Local superintendents praise new state education plan

AUBURN — The state education chief's proposal to emphasize real-life learning and use more technology in classrooms drew praise Tuesday from local school officials.

Education Commissioner Stephen Bowen's report did not include any new mandates for schools but called for more flexibility to try new methods.

“I like his proactive look at education in the state," Poland-based RSU 16 Superintendent Dennis Duquette said. "I agree with him. We do need a new set of skills.” Too many students are bored in school, he said.

Bowen said in the 35-page report that Maine's high school graduation rate of 82 percent remains unacceptably low and test-based accountability efforts don't work.

He called on schools to give students more control and choice in how they learn and to make learning more individualized, with teachers acting as coaches.

He proposed more "anytime, anywhere" education, with expanded access to digital learning. Technology could help give students customized learning. Schools should implement “proficiency based-learning,” which means allowing students to learn and progress at their own pace.

Auburn Superintendent Katy Grondin said proficiency-based learning could end conventional grade-grouping.

“It would be a group of teachers in charge of a group of students,” Grondin said. “The vision is not having grades; you're not in grade 1 for 175 days. It's, 'What are the learning targets for you? And I'm (the teacher who's) going to help facilitate that.' It's allowing students to move at their own pace.”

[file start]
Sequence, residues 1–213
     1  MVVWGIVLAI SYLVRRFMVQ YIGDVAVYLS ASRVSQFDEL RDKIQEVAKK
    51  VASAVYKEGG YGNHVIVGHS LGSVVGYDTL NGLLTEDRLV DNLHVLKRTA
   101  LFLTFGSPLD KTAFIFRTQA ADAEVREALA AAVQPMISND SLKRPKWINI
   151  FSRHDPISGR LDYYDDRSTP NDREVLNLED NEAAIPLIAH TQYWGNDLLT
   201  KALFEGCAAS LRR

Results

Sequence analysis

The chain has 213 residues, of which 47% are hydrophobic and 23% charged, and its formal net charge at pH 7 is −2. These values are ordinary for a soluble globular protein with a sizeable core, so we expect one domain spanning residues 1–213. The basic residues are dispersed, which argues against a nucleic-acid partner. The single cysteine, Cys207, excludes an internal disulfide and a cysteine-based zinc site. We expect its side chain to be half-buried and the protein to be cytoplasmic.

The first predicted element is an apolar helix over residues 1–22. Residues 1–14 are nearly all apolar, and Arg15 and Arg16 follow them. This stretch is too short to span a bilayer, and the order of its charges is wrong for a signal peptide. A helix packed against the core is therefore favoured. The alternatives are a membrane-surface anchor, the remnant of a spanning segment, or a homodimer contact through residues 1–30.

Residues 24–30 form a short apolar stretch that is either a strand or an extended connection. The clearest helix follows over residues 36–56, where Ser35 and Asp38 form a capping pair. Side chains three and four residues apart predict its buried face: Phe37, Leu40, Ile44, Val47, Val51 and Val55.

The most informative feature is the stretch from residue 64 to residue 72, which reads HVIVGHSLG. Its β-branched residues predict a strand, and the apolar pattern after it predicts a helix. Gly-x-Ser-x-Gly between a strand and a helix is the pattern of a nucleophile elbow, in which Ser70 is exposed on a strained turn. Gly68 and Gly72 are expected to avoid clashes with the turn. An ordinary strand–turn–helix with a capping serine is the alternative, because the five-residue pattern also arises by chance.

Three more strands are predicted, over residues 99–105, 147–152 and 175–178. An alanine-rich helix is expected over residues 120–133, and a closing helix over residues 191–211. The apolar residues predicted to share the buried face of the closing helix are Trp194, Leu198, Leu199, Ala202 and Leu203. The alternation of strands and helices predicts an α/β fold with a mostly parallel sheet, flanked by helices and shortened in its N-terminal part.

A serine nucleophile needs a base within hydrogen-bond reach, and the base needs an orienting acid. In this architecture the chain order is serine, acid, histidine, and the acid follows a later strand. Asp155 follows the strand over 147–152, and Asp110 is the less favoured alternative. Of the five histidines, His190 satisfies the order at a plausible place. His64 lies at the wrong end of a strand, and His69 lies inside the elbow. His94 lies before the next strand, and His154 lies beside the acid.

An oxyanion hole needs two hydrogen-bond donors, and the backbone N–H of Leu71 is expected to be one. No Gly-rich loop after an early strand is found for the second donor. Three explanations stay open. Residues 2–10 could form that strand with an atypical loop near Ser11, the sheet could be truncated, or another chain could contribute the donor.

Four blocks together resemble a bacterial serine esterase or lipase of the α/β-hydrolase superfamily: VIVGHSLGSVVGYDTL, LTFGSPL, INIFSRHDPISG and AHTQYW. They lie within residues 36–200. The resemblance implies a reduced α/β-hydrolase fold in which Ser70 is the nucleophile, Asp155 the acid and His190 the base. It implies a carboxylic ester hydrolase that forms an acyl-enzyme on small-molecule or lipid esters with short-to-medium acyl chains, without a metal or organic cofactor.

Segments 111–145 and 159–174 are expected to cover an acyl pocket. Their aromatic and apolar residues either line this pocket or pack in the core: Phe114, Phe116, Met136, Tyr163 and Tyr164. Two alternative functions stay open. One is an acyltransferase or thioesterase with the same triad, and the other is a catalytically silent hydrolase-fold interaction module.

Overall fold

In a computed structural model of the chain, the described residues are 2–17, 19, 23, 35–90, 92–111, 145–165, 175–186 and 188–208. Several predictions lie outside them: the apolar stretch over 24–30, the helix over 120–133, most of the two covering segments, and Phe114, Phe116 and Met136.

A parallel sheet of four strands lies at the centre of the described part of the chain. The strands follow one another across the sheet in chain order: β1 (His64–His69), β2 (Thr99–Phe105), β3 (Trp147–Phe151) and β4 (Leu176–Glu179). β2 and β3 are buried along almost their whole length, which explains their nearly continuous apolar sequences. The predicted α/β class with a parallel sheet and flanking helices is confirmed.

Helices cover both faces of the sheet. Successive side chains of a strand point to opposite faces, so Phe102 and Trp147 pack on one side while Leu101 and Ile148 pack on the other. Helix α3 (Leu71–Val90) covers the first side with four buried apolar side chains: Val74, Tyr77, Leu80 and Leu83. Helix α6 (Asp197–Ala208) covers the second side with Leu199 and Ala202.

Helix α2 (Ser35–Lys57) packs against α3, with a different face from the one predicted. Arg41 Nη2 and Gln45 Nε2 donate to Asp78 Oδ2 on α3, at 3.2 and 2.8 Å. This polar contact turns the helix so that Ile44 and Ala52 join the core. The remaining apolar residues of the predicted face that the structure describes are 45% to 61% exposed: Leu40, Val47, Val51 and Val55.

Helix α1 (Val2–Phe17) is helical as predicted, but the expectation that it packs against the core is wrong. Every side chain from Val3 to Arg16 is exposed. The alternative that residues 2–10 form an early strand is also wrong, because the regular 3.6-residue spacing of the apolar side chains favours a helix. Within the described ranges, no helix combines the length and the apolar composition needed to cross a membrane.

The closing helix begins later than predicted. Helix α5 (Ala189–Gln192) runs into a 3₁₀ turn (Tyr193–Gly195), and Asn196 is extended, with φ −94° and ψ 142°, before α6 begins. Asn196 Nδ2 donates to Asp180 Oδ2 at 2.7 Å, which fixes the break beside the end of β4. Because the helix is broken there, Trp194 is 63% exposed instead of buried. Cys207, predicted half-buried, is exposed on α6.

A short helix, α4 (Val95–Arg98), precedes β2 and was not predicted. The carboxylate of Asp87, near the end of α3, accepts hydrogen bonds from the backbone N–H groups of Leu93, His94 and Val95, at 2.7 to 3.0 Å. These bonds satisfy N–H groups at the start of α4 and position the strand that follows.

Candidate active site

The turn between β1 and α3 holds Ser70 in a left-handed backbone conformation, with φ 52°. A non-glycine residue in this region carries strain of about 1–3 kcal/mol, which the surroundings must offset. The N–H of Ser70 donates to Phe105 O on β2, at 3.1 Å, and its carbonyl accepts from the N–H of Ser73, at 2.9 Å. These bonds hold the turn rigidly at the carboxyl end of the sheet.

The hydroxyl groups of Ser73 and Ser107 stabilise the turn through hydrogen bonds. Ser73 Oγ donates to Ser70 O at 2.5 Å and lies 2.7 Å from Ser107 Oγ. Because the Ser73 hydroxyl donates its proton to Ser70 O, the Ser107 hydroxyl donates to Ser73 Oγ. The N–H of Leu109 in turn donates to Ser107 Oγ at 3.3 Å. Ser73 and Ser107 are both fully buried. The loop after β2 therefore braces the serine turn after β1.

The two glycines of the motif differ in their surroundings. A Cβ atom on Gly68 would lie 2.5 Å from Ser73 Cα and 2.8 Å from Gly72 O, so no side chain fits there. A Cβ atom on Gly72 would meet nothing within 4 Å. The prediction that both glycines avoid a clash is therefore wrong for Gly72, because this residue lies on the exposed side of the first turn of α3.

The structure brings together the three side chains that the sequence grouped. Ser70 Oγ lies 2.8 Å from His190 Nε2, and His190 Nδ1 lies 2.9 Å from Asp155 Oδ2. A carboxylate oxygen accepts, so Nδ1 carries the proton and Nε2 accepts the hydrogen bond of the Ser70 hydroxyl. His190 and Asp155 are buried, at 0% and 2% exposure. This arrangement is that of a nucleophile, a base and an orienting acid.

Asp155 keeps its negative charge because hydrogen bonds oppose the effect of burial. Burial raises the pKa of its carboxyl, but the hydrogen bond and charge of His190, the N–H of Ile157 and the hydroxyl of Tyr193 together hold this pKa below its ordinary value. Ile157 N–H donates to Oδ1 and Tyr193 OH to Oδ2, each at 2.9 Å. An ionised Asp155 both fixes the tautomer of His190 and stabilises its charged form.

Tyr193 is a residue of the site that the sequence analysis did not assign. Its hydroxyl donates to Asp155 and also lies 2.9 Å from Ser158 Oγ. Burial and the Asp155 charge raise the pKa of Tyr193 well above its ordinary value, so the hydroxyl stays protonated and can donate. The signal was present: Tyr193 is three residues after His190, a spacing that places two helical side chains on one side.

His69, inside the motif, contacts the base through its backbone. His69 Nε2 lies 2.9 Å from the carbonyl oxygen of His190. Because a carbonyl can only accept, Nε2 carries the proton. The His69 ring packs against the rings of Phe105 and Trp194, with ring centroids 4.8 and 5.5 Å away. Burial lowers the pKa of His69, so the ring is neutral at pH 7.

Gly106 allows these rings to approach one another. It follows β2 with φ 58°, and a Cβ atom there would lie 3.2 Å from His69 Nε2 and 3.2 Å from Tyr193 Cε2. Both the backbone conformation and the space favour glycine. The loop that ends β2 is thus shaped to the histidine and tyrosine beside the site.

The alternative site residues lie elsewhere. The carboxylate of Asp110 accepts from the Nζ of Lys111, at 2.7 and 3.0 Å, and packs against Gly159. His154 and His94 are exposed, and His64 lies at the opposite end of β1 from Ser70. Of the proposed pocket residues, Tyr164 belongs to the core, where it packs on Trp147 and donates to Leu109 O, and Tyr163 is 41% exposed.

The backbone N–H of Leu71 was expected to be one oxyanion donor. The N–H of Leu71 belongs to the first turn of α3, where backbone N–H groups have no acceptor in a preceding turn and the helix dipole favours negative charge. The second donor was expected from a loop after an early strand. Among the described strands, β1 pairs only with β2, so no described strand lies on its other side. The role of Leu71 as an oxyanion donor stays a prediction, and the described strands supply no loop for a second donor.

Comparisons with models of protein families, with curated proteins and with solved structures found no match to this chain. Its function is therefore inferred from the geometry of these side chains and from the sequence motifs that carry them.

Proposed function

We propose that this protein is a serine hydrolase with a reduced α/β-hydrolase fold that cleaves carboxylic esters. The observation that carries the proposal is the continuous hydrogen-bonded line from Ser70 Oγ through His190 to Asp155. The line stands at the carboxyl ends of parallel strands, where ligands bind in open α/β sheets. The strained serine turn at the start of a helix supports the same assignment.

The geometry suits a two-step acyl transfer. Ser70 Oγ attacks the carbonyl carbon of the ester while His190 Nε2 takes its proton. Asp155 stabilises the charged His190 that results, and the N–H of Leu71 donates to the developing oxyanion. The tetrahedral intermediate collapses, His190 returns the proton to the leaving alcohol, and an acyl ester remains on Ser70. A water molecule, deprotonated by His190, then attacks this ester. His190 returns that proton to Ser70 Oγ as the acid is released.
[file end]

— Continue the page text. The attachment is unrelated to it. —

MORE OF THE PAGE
Auburn is already on the path outlined by Bowen, Grondin said. “We're pleased at the direction of the state. We're doing a lot of the work he's outlining.”

The Auburn School Department has given iPad tablet computers to all kindergarten students to help individualize learning, and has implemented expeditionary "real-life" learning at the middle school.

But what Bowen is talking about “is a huge shift," Grondin said. "It's going to take time."

Lewiston Superintendent Bill Webster called Bowen's plan impressive and ambitious. “Whether it's all achievable is open to question, but it's a great first step.”

Webster said Bowen is calling for “mass customized learning,” which is using technology for individualized lessons.

“Giving iPads to kindergarten students in Auburn is an example of that,” Webster said.

He agreed that students need more say and choices in their education, and that is beginning to happen. Students already know their test scores and their targets, he said.

“Martel Elementary is experimenting with students leading parent-teacher conferences," Webster said. "We're also looking to expand (the alternative) Lewiston Academy, have more in-school suspension programs.”

But giving students a bigger say must come with a good deal of public education, Webster said. Parents have to be on board, “or there's going to be backlash.”

Regional School Unit 16's Duquette said Poland Regional High School is doing some of what Bowen is calling for, but there's more to be done.